I put on honey supers, then added more as they filled, ending up with one super on one hive and three on the other.  The hive with one only filled it 1/3 or less.  The one with three put away a full 2 1/2 supers, so that was good.  The full tally was around 68 lb of honey and twelve ~4 oz pieces of cut comb. The cut comb was an experiment on its own, but I remembered it so fondly from youth that I thought it would be worth a go.  (The cut comb story will be a later post.)
The honey harvest was good experience, though harrowing at moments.  The basic idea is to take the honey supers off, clear all the bees from them, and put them somewhere the bees can't get into them until you extract the honey from the frames.  As you can imagine, the time consuming part is getting the bees out.  Last time, back in 2012, I had two supers.  I went through them at the hives, frame by frame, sweeping the bees off with a feather and putting them in another box with a lid.  Didn't take too long.
This time I had four supers, and one of two colonies that seemed a titch aggressive.  Mom was interested in helping, and brother Chris wanted to see the process (the harvest photos are thanks to him).  My plan this time was to take the honey off a super at a time, carry it about 20' away from the colony, then go through frame by frame.  I thought some distance would be good, since the bee activity would only increase at the site of the hives.  So I'd take out a frame, carry it closer to the hives, shake most of the bees off, hand the frame to Mom who would sweep the remaining bees off with the feather, then she'd give it to Chris who would put it in the bee-free box and lid it.  It would have taken soooo much longer to do it myself, and time turned out to be of the essence.
Trading off
We did the one-super hive first, then moved on to the three-super hive.  Of the latter, the first one and a half supers went great, then Mom said "It seems like there are a lot of bees at the hives."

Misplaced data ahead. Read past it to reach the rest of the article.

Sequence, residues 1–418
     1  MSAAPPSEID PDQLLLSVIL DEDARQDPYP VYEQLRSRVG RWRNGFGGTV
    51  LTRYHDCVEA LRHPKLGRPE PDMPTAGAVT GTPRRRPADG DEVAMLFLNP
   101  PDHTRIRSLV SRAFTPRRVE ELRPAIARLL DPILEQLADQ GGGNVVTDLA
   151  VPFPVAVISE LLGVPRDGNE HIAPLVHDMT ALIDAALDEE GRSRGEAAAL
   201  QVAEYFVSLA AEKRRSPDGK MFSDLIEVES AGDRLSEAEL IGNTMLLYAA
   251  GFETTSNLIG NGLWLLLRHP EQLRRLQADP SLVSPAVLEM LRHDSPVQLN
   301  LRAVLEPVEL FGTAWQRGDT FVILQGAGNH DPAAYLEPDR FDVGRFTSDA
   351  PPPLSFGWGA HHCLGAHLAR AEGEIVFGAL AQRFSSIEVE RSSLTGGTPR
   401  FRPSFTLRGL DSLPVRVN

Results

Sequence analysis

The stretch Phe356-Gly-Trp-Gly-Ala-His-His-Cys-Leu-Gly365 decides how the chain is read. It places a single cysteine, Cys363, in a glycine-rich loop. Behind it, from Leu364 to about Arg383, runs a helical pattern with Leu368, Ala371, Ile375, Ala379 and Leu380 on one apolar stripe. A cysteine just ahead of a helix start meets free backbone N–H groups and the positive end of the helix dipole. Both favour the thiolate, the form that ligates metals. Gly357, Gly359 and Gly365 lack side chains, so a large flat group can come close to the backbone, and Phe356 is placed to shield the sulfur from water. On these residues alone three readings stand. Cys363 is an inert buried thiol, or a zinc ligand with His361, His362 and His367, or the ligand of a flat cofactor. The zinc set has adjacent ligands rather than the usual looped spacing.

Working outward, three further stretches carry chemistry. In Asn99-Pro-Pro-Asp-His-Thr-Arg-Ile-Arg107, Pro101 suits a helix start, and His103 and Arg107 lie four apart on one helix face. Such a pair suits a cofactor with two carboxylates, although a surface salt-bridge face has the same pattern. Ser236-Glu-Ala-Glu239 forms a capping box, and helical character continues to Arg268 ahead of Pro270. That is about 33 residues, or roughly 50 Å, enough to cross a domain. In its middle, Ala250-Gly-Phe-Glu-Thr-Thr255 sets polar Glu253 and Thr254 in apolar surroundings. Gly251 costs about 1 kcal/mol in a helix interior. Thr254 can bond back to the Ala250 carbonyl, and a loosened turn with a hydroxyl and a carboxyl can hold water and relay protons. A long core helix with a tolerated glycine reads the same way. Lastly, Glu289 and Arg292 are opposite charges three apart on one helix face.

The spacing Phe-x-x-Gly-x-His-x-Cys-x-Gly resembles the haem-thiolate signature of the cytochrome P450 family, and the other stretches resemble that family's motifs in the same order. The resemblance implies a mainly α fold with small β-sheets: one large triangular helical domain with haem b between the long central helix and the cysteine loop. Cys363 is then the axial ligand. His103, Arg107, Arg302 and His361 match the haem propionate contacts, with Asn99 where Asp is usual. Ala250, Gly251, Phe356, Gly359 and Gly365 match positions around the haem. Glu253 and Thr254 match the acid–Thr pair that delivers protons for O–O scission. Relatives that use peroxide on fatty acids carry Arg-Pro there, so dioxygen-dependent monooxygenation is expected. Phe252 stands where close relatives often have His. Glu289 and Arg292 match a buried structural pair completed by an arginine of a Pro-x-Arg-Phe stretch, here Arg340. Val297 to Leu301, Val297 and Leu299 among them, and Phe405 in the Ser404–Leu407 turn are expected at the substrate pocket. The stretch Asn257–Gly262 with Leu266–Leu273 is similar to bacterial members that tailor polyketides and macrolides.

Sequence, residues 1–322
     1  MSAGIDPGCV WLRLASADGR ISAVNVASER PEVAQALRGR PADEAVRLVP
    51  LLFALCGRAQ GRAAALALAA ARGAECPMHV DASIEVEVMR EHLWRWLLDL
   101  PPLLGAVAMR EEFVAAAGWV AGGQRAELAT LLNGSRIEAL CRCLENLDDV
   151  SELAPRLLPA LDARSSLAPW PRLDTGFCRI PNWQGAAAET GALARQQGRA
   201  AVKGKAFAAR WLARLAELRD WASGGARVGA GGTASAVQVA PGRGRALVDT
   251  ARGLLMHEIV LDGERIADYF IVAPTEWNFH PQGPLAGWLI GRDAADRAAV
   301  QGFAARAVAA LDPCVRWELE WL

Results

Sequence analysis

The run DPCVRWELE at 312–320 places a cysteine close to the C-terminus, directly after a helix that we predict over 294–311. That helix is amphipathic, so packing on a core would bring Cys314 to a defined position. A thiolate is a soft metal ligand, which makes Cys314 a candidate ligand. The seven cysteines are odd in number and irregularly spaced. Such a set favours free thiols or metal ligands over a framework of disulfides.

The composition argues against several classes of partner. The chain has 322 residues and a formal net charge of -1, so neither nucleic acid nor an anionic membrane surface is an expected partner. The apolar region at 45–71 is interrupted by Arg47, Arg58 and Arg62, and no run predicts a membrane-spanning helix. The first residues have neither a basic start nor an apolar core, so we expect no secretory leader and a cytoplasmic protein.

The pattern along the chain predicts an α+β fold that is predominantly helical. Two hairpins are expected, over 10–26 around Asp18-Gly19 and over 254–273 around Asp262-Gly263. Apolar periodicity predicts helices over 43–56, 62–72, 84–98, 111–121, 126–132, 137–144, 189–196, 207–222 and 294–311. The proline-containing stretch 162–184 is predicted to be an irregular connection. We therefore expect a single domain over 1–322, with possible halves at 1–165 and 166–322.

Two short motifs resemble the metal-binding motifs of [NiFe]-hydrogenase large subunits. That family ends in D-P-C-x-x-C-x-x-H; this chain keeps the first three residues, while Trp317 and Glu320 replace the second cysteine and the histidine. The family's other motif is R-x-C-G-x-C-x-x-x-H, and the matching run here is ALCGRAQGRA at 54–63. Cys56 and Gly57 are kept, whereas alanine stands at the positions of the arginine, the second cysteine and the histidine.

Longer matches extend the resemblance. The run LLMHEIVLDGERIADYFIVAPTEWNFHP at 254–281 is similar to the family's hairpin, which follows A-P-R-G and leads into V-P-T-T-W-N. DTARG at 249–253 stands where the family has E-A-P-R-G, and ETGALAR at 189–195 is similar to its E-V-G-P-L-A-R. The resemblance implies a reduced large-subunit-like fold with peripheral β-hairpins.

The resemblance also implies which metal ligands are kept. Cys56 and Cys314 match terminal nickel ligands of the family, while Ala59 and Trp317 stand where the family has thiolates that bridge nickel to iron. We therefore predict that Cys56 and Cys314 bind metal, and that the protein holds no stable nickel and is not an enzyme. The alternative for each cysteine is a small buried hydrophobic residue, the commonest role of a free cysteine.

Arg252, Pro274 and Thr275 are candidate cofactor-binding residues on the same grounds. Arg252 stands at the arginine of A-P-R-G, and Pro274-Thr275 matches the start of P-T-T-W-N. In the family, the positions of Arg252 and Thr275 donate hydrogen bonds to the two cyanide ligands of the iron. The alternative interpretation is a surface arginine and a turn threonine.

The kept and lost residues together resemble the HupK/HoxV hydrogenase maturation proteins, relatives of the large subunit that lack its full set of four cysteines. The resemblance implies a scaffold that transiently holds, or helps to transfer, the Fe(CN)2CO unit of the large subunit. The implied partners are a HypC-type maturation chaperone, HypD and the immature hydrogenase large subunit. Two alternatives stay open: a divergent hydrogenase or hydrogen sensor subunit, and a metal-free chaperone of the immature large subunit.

I wish we'd gotten a video of it.  Thousands of bees in the air above the hives, like a hurricane.  I waded in to put the lid on the hive that still had a super on it, just in case the bees were trying to rob it out, then we finished processing the second to last super.  By the time we were done, all those bees had settled on the outside of the hive, covering it nearly completely.  And we still had to pull a super off.  I figured if I waited, the bees would just
The photographer taking a peek
become more irate at having lost their stocks, so I waded in again, smoking everywhere, and got the last super.  No trouble, just some added anxiety.  We cleaned out that super much further from the hive area.
We hauled the supers full of honey back to the shed on a Flexible Flyer my Aunt Jean gave us, and brought the two experimental comb honey frames inside to deal with.
One had very little of anything on it, so we spooned off the comb and ate it right there - Mom, Chris, Margo, Alten, Isaac and I.  Then we cut up the full frame with dental floss, let it sit for a day or so to drip the extra honey off, then stuck it in the freezer for a day.  That kills eggs of anything that might hatch out, namely wax moth larvae.  Sounds gross, I know, but that's the way things are.  I am told that wax moths inhabit virtually every hive in existence, and a healthy colony of bees keeps them in check.  But after you remove the honeycomb from the bees, nothing stops them.  Except the freezer.
And boy, is that comb honey tasty!
Daddy scrapes cappings off, boys eat honey off of every surface
We took the four supers over the next day to our friend Steve's, where he has an extractor and a larger number of supers of his own.  Half a day of extracting later, it was all finished and bucketed!
So for three years of beekeeping I have two years of honey to show for it, and no dead colonies.  Not too shabby!